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Tlatelolco treaty for the proscription of nuclear armaments in Latin America

Journal Article:

Abstract

The Tlateloco Treaty has established in Latin America the first and hitherto only zone free from nuclear armament existing in the inhabited world. This Latin American example guarantees not only the Continent's security from a future nuclear war, but it might also motivate the possible, though difficult, creation of other zones free from nuclear armament in other regions of the world. The Tlateloco system includes three instruments: a Treaty, open to signature and ratification by the Latin American States and two additional protocols. The Treaty includes regime of duties regarding military denuclearization, a control system, the creation of an organism (OPANAL) and the regime that governs pacific use of nuclear energy. The Treaty has been signed by 25 Latin American States (excepting Cuba, Guyana, Dominica and Santa Lucia), and ratified by 24 (excepting Argentine). There are 22 States members of OPANAL (all the rest, excepting Brazil and Chile). Additional Protocol I applies the military denuclearization regime to territories owned by non-Latin American States located in the Treaty zone. England and the Low Countries are Parts in the Additional Protocol I which has been signed, but not ratified, by the United States and France. Additional Protocol II establishes the duties of  More>>
Authors:
Publication Date:
Mar 01, 1981
Product Type:
Journal Article
Reference Number:
EDB-81-091902
Resource Relation:
Journal Name: Interciencia; (Venezuela); Journal Volume: 6:2
Subject:
29 ENERGY PLANNING, POLICY AND ECONOMY; 98 NUCLEAR DISARMAMENT, SAFEGUARDS, AND PHYSICAL PROTECTION; LATIN AMERICA; TLATELOLCO TREATY; NUCLEAR WEAPONS; PROLIFERATION; SECURITY; TREATIES; WEAPONS; 290600* - Energy Planning & Policy- Nuclear Energy; 055002 - Nuclear Fuels- Safeguards, Inspection, & Accountability- Nontechnical Aspects
OSTI ID:
6276369
Research Organizations:
Cerrada de Monte Camerun, Mexico City, Mexico
Country of Origin:
Venezuela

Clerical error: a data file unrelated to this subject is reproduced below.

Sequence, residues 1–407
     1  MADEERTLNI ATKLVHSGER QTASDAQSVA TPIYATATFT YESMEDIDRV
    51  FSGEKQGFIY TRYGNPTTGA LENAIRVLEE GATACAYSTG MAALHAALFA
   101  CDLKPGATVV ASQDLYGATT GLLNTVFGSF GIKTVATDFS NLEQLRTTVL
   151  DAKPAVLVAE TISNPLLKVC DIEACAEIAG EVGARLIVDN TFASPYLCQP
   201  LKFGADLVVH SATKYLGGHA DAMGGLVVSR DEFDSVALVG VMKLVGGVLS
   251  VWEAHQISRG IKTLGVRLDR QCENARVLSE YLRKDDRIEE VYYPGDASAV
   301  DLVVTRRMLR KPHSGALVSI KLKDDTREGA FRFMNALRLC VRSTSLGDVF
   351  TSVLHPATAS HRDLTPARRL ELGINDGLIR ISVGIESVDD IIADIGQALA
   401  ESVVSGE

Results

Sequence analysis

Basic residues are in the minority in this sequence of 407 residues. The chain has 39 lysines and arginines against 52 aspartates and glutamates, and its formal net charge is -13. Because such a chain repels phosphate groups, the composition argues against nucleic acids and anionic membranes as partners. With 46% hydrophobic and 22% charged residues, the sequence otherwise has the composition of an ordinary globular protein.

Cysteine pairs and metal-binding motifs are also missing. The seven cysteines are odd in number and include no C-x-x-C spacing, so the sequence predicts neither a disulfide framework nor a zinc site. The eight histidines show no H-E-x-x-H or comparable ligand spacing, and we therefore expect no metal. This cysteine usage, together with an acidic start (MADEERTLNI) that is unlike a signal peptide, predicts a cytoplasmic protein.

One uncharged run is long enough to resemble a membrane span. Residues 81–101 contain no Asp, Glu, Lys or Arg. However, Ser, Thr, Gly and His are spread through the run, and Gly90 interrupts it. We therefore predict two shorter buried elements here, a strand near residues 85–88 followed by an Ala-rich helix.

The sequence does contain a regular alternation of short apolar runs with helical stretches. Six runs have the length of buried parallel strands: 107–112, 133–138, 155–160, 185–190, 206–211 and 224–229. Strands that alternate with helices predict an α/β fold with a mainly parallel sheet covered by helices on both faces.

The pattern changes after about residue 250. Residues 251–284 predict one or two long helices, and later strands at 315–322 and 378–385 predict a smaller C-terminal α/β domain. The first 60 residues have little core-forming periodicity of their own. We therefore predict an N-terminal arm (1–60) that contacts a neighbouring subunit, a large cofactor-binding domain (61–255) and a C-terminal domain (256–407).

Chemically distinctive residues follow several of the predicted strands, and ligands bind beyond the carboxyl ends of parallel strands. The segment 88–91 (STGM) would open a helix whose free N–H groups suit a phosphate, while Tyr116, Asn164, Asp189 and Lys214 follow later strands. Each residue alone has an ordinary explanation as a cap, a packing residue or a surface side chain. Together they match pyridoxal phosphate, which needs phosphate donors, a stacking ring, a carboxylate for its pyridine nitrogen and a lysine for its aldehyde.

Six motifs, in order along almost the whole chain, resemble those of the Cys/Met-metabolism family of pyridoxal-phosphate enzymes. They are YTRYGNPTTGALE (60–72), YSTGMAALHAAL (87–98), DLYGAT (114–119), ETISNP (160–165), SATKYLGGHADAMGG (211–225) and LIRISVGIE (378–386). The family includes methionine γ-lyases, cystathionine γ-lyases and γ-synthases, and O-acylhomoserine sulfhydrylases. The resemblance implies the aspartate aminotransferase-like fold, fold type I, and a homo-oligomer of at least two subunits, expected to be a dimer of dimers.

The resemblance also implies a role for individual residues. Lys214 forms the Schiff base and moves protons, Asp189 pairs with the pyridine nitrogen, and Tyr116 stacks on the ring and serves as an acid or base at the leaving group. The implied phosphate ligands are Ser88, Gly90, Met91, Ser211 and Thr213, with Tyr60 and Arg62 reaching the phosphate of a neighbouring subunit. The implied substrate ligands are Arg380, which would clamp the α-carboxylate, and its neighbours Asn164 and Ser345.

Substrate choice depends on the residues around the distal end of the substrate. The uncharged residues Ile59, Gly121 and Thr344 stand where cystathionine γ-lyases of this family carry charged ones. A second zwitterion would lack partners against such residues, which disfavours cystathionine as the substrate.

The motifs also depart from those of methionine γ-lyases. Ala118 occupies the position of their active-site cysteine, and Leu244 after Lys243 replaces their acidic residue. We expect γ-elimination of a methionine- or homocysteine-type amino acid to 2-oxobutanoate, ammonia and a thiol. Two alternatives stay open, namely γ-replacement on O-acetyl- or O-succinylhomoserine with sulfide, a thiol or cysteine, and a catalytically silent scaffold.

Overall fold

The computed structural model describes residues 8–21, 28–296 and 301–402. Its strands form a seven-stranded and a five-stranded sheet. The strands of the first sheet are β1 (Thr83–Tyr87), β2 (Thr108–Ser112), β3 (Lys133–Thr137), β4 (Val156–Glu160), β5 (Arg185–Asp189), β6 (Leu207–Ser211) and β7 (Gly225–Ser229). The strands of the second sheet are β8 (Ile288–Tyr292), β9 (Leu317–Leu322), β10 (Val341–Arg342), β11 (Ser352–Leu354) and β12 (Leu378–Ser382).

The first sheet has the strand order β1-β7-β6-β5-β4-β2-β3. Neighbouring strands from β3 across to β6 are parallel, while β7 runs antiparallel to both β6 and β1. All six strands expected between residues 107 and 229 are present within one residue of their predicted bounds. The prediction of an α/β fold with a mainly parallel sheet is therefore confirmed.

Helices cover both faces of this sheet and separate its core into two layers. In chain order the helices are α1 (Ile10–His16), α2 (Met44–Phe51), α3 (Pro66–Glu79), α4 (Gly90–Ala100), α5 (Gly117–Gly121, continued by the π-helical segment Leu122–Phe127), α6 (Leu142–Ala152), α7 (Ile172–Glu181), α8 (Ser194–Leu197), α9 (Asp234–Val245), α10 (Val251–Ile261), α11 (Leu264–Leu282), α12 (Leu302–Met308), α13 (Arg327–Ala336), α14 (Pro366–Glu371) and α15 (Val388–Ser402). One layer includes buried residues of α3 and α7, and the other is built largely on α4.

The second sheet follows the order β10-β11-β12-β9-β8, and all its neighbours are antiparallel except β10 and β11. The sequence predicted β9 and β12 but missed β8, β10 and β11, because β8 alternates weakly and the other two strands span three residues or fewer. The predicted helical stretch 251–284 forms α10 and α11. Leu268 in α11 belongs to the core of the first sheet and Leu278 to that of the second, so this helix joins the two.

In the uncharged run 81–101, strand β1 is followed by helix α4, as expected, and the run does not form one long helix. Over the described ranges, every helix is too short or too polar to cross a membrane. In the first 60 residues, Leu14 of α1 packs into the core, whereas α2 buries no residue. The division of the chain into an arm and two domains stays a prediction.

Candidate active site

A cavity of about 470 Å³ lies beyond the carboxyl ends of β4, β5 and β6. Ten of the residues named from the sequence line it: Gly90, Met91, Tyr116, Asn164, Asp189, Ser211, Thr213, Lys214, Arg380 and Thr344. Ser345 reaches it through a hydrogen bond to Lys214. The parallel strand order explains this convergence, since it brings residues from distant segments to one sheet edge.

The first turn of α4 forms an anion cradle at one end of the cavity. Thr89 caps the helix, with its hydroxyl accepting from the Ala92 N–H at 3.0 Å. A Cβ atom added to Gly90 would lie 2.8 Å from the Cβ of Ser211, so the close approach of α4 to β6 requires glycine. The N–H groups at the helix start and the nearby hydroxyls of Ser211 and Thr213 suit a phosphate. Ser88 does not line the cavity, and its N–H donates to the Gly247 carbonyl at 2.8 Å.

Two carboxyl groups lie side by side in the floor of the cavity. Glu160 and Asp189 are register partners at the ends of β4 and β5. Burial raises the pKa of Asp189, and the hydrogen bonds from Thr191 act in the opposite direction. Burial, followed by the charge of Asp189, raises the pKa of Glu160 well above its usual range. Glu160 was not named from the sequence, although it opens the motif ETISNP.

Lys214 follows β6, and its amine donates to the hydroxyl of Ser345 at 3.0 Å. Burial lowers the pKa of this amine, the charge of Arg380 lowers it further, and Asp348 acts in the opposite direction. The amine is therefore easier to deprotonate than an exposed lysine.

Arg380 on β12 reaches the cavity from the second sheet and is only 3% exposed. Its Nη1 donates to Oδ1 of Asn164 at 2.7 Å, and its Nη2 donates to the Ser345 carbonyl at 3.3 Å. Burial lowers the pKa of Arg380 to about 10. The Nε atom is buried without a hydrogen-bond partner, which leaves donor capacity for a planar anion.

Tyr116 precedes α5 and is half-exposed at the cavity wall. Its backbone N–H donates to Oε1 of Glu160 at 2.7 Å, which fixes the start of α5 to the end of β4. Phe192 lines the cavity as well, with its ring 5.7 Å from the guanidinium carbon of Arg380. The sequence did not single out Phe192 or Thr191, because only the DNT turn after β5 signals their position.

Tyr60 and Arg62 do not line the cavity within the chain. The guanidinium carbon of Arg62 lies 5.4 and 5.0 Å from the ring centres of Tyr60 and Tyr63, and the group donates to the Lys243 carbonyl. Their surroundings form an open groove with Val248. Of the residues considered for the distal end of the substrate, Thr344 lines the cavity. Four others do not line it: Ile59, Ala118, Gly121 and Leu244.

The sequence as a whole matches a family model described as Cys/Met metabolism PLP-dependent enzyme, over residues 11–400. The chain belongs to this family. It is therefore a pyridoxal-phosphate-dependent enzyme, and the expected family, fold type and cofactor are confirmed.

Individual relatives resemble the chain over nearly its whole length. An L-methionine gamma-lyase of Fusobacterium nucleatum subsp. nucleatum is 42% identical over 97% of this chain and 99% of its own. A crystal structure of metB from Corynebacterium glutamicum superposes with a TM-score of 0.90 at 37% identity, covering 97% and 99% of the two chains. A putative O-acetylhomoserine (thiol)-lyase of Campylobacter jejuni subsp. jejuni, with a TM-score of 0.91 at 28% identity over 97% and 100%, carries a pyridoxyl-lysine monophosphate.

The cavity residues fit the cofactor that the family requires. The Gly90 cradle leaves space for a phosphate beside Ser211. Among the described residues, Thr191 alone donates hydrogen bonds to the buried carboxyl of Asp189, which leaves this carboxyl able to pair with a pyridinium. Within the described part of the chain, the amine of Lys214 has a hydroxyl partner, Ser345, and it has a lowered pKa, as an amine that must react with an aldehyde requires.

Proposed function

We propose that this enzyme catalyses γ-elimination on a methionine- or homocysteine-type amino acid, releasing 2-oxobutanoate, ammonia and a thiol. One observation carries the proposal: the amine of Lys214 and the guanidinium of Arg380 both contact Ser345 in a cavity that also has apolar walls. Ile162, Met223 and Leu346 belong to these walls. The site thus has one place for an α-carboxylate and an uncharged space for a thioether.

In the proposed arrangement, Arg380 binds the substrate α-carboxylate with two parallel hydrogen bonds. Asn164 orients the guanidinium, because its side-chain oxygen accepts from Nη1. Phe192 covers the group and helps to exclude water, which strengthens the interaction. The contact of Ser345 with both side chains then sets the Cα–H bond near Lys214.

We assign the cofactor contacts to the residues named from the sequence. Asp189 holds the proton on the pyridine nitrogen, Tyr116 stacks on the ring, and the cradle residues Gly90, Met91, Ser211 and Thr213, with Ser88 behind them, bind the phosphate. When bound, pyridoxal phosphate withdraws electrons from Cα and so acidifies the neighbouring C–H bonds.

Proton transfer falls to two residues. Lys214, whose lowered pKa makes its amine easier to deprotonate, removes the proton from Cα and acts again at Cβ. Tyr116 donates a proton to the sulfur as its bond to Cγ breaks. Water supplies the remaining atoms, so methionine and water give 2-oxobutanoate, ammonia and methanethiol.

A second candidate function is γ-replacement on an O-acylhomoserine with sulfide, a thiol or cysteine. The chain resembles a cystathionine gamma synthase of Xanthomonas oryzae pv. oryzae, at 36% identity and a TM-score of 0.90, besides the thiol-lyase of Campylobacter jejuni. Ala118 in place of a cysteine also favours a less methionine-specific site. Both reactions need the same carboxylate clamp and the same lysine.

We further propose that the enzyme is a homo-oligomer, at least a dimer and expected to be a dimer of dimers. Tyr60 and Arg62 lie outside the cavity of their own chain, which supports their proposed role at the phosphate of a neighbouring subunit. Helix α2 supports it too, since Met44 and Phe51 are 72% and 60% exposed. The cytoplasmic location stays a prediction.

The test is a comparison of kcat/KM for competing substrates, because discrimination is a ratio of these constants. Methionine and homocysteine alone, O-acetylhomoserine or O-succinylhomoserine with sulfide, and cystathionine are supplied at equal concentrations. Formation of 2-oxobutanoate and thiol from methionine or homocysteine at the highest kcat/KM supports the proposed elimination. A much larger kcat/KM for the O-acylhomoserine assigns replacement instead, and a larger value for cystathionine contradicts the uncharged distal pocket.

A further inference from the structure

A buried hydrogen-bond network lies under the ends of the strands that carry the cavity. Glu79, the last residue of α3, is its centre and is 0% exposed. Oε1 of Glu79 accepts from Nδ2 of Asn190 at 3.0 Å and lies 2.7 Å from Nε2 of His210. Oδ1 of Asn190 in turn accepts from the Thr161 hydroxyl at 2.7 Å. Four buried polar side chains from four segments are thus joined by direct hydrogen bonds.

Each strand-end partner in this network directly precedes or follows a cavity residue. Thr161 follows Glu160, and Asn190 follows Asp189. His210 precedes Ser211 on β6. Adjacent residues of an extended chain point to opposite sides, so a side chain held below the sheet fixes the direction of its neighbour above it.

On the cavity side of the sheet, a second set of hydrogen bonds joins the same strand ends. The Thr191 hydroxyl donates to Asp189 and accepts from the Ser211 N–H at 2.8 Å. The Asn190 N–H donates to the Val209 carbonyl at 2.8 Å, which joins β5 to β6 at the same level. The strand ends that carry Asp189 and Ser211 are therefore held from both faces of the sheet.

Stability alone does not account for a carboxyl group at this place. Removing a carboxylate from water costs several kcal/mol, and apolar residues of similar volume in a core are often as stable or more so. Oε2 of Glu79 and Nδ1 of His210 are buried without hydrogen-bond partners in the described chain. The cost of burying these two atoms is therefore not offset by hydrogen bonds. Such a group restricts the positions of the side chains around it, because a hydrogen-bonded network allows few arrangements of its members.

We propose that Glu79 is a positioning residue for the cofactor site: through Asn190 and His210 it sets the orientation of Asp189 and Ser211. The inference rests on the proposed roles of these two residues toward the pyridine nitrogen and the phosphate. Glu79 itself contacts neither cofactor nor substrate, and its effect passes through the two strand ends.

Language:
Spanish
Other Identifying Numbers:
Journal ID: CODEN: ITRCD
Submitting Site:
TIC
Size:
Pages: 81-85
Announcement Date:
Aug 01, 1981

Journal Article:

Citation Formats

Espiell, H G. Tlatelolco treaty for the proscription of nuclear armaments in Latin America. Venezuela: N. p., 1981. Web.
Espiell, H G. Tlatelolco treaty for the proscription of nuclear armaments in Latin America. Venezuela.
Espiell, H G. 1981. "Tlatelolco treaty for the proscription of nuclear armaments in Latin America." Venezuela.
@misc{etde_6276369,
title = {Tlatelolco treaty for the proscription of nuclear armaments in Latin America}
author = {Espiell, H G}
abstractNote = {The Tlateloco Treaty has established in Latin America the first and hitherto only zone free from nuclear armament existing in the inhabited world. This Latin American example guarantees not only the Continent's security from a future nuclear war, but it might also motivate the possible, though difficult, creation of other zones free from nuclear armament in other regions of the world. The Tlateloco system includes three instruments: a Treaty, open to signature and ratification by the Latin American States and two additional protocols. The Treaty includes regime of duties regarding military denuclearization, a control system, the creation of an organism (OPANAL) and the regime that governs pacific use of nuclear energy. The Treaty has been signed by 25 Latin American States (excepting Cuba, Guyana, Dominica and Santa Lucia), and ratified by 24 (excepting Argentine). There are 22 States members of OPANAL (all the rest, excepting Brazil and Chile). Additional Protocol I applies the military denuclearization regime to territories owned by non-Latin American States located in the Treaty zone. England and the Low Countries are Parts in the Additional Protocol I which has been signed, but not ratified, by the United States and France. Additional Protocol II establishes the duties of the powers possessing nuclear armaments with respect to the denuclearized Latin American zone. It has been signed and ratified by the United States, France, Great Britian, China, and the USSR.}
journal = {Interciencia; (Venezuela)}
volume = {6:2}
journal type = {AC}
place = {Venezuela}
year = {1981}
month = {Mar}
}